One Step Closer To The Future (Part I) – The Corporate offence of Failure to prevent fraud
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Earlier this summer, the Law Commission published its long awaited proposals on reforming corporate criminal liability in England and Wales (the "Options Paper"), following the launch of its discussion paper in June 2021. Whilst the Options Paper rejects the much discussed "failure to prevent economic crime" offence, it outlines ten "options" for strengthening corporate liability, which notably includes the expansion of the failure to prevent model to fraud, and of the identification principle to cover a wider set of senior individuals whose mental acts and states might result in a corporate entity becoming criminally liable. Other proposals include the introduction of failure to prevent offences in relation to a small number of non-economic crimes, making publicity orders available in all cases where a non-natural person is convicted of an offence, introducing a regime of administratively imposed monetary penalties, introducing civil actions in the High Court based on Serious Crime Prevention Orders, and introducing a requirement for public interest entities to report on anti-fraud procedures, or introducing a requirement akin to Modern Slavery Act statements for large corporations to report on their anti-fraud procedures.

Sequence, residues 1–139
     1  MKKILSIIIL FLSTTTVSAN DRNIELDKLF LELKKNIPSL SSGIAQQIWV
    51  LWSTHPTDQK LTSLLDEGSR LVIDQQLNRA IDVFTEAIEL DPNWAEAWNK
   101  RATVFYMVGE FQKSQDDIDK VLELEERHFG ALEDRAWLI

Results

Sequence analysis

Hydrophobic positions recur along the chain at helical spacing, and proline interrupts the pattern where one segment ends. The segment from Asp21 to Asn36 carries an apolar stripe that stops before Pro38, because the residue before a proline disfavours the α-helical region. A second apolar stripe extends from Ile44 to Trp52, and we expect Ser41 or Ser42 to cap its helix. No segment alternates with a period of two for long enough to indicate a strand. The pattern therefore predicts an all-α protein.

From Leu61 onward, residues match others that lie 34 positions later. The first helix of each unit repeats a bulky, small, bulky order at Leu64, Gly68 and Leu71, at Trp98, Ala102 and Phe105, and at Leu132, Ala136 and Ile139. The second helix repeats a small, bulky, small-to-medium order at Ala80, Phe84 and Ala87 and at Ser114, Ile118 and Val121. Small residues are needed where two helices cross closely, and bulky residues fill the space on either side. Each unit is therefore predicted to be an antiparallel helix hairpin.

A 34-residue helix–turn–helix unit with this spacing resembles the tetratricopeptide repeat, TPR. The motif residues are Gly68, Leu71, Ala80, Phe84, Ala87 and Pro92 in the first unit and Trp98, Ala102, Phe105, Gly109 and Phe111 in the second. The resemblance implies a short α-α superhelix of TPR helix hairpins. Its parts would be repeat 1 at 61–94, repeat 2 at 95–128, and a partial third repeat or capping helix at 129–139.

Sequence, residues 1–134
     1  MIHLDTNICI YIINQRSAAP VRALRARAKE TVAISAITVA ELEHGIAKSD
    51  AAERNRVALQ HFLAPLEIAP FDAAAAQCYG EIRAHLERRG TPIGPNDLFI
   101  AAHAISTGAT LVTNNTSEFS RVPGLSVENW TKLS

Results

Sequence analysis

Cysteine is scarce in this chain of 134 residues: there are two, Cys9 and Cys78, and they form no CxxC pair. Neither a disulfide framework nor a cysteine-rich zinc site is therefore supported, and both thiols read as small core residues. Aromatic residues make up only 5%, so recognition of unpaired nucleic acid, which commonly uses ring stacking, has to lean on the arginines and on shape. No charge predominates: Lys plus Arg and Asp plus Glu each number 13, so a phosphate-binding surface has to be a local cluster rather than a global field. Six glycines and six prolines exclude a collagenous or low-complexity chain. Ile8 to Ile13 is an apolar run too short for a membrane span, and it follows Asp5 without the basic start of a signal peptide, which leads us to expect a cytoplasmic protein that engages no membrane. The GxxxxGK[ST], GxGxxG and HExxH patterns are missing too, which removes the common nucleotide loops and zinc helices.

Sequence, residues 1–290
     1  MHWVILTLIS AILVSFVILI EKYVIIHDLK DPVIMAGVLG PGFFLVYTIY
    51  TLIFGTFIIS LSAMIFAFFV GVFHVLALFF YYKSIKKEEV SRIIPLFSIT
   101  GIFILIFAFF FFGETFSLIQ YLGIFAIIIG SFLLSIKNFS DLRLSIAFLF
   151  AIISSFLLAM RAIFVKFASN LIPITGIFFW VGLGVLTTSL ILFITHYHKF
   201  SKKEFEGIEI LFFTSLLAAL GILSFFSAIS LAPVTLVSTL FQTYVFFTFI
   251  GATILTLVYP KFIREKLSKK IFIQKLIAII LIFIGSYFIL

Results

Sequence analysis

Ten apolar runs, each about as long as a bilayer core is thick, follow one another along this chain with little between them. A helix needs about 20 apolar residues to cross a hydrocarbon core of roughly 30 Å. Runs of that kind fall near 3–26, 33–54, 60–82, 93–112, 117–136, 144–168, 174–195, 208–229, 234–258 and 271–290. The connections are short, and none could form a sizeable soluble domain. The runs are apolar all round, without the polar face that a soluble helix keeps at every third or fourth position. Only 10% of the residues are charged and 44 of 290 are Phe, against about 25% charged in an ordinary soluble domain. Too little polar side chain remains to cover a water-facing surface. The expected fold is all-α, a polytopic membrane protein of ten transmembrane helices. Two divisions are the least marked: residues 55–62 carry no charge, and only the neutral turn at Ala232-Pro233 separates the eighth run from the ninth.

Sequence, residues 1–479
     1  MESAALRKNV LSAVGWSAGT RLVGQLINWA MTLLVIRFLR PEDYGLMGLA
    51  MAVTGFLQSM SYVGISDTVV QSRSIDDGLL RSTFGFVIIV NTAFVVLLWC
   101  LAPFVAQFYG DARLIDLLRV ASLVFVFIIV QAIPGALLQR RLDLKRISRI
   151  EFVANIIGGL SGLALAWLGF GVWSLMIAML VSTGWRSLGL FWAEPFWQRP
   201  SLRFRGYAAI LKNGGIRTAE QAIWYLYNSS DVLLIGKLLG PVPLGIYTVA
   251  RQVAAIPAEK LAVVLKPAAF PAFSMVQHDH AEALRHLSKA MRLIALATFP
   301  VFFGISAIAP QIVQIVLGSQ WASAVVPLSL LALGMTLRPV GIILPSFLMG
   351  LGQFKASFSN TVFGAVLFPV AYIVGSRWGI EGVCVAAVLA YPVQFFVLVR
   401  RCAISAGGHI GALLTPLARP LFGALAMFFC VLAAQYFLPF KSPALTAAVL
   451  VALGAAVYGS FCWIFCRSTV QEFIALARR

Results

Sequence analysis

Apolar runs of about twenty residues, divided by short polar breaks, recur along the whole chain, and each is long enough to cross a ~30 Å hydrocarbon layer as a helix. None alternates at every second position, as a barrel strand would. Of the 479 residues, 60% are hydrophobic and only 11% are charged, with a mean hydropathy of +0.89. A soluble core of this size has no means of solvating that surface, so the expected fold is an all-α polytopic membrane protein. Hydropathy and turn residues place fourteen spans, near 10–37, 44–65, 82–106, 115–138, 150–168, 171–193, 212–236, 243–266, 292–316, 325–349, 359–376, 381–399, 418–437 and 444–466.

In this article of our series looking into the Law Commission's proposed reforms, we discuss the potential expansion of the failure to prevent model to fraud, and its implications.
A corporate "failure to prevent" offence was first introduced in relation to the base offence of bribery by section 7 of the UK Bribery Act 2010 ("UKBA"), and then mirrored in sections 45 and 46 of the Criminal Finances Act 2017 ("CFA") in relation to the facilitation of tax evasion.
As previously discussed, due to the difficulty in attributing criminal conduct to corporate entities through the "identification principle", prosecution agencies, such as the Serious Fraud Office ("SFO") and the Crown Prosecution Service ("CPS"), have spoken of the struggles in holding corporations accountable for criminal activity carried out with a view to benefiting the organisation, and have called for the expansion of the failure to prevent regime to other economic crimes.